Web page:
The Blind Leading the Blind: Anatomy of a Medicare Part D Monthly Premium
At least once a week one of my coworkers on our Medicare Part D team will come to me with what they think is a simple job. ‘I just need you to write a short apology letter. It should be simple,” Karen will tell me. “I have a simple project for you. All you have to do is edit this web page for Medicare Open Enrollment,” Tina will say. “We just need to ‘Medicarize’ this brochure, so it will be simple,” Chris will state.
Inevitably, I always respond, “Nothing is simple with Medicare Part D.” And then as what appeared to be an easy project becomes more complex with each new logistical problem that arises, I say, “I told you so.”
One of the most complicated “parts” of Part D – and thankfully, one that I have absolutely nothing to deal with – is what we call the annual Medicare bidding process. As our director of actuarial services notes, the process of bidding on Medicare prescription drug plans is a lot like putting together a giant puzzle. When the puzzle is completed, you end up with a monthly Part D premium of $32.07 or $41.29 or some other odd amount that seems completely random.
Unlike the commercial insurance market where providers set the premiums for a plan, Medicare Part D premiums are determined as part of a blind bidding process that begins in June of each year. Every Part D provider submits bids to the Centers for Medicare & Medicaid Services (CMS) without knowing what the competitors will offer. Then CMS sets premiums based on how the bids average out. Premiums may vary from what providers submitted depending on what their competitors bid and how they differ from expectations.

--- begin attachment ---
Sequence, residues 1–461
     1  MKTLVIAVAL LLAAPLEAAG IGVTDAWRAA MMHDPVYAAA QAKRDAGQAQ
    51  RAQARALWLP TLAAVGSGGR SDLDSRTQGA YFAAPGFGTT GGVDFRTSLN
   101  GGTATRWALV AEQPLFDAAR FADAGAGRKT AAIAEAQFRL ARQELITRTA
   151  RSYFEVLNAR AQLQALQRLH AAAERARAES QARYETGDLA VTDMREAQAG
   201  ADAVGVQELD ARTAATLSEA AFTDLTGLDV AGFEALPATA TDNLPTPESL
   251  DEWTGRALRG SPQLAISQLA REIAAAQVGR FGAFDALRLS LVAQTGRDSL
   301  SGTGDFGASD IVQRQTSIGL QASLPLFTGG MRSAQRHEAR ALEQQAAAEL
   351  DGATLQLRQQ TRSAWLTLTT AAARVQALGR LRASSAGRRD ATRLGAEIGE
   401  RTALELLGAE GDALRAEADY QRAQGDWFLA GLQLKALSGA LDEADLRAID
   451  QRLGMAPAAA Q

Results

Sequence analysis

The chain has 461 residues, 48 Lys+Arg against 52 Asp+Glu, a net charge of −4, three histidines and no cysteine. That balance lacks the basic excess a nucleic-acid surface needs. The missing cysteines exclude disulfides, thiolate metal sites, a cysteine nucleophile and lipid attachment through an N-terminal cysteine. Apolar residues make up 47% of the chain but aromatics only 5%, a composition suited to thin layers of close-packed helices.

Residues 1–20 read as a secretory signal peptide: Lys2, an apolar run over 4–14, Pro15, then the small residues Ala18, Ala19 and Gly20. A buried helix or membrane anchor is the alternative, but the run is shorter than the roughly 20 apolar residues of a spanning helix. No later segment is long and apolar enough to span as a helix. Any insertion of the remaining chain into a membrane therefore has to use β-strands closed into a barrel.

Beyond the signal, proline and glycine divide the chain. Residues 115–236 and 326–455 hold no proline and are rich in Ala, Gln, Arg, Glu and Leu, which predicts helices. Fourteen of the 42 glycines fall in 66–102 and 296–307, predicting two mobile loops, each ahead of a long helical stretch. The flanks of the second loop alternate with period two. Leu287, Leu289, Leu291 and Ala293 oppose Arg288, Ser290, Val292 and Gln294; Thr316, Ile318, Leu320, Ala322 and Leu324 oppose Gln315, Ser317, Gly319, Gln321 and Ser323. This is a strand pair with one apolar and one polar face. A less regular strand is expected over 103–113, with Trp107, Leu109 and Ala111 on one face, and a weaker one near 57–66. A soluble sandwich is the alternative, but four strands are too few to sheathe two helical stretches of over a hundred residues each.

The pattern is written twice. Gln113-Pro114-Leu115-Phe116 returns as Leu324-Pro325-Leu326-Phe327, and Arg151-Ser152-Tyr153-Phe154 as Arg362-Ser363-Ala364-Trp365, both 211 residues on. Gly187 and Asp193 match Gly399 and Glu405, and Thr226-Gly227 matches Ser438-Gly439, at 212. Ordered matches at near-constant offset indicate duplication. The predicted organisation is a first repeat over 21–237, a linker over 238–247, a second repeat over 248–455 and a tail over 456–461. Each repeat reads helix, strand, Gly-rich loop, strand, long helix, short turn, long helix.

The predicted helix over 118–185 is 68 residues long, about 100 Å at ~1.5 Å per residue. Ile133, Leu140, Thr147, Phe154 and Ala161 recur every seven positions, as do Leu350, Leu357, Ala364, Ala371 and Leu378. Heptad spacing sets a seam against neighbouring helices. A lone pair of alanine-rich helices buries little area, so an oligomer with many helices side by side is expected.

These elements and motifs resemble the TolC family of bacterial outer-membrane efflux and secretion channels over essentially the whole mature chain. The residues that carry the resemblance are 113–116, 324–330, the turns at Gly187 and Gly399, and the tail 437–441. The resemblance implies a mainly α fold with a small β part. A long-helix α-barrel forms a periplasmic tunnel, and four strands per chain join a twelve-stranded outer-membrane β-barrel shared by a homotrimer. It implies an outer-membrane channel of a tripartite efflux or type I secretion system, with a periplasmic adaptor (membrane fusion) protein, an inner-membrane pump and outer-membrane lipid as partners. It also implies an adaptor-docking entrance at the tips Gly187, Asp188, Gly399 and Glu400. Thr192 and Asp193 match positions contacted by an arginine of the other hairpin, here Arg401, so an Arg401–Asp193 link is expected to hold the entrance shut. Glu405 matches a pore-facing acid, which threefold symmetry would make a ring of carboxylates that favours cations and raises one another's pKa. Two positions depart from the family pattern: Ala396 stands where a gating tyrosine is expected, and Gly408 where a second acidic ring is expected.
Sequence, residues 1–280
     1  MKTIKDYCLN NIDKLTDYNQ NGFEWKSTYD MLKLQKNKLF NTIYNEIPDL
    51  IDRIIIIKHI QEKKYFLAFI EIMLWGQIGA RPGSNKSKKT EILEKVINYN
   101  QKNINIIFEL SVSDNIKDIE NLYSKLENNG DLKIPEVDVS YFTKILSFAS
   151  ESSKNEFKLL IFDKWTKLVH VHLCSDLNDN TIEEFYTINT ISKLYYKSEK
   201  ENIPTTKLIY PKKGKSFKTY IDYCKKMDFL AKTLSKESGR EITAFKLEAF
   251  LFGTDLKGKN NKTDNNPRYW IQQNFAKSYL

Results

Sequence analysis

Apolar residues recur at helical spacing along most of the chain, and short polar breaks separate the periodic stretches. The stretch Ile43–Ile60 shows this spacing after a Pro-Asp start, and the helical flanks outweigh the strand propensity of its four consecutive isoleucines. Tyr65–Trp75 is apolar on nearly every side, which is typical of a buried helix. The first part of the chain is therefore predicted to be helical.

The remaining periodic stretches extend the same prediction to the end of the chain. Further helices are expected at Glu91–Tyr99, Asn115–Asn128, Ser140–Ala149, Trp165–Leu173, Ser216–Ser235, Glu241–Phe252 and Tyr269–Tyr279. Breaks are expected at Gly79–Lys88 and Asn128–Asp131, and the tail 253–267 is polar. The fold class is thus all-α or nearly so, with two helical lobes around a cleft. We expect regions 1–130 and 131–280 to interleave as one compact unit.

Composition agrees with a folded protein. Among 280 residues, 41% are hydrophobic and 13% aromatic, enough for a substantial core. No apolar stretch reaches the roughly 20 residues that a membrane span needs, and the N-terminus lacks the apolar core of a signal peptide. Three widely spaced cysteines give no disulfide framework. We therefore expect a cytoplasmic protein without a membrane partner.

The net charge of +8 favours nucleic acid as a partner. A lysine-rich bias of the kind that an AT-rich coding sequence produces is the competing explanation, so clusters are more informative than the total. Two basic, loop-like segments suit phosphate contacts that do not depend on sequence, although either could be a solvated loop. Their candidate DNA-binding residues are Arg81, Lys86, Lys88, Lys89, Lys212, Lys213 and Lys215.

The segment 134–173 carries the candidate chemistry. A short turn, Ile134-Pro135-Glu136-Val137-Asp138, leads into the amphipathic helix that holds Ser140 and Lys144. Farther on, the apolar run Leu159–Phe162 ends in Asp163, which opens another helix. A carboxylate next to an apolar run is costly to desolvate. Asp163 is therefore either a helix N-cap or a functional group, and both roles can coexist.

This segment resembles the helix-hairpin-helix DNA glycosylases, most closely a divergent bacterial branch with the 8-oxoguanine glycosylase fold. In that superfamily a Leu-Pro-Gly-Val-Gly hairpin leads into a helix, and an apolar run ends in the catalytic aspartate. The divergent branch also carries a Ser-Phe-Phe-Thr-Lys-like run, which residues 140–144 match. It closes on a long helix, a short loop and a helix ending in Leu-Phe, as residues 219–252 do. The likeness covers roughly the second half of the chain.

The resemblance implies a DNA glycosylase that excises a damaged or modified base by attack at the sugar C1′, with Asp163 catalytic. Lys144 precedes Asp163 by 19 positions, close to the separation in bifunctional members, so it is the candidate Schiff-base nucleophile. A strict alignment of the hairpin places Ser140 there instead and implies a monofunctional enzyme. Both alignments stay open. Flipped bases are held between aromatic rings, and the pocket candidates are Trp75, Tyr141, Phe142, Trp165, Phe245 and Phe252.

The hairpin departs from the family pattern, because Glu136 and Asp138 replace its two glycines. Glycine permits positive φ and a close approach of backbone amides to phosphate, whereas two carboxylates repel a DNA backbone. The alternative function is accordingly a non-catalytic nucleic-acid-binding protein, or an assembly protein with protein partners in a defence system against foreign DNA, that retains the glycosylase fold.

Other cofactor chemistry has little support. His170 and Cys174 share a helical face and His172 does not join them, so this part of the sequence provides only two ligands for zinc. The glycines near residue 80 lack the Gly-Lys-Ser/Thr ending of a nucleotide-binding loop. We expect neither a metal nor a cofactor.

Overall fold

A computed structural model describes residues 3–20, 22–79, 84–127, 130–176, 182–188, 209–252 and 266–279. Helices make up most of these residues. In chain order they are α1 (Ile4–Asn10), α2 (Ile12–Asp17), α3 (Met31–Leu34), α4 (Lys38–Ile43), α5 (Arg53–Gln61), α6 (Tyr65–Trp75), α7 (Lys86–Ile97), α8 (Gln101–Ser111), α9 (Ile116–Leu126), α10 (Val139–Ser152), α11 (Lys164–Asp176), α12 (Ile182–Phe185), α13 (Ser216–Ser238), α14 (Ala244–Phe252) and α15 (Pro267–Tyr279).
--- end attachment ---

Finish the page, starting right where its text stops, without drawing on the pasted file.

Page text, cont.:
A few large competitors dominate the marketplace, so the ability to predict premiums, profitability and potential membership growth requires an educated guess as to how other Part D providers will bid. The guesswork can be quite complex and requires a detailed understanding of trends and potential growth strategies in the marketplace.
For example, is a large Part D provider going to try to maximize profits by bidding a higher number or are they looking to increase membership and so plan on submitting a lower bid to CMS? Data and historical trends are helpful, but it’s really more of an art than a science when it comes to making a good bid that has competitive premiums and features that Medicare beneficiaries want in a Part D plan.
During the next two months, CMS will thoroughly review each bid. In August, CMS will release the bid results, giving marketing departments and employees like me just barely enough time to create all the plan materials and marketing communications for Medicare Open Enrollment in mid-October.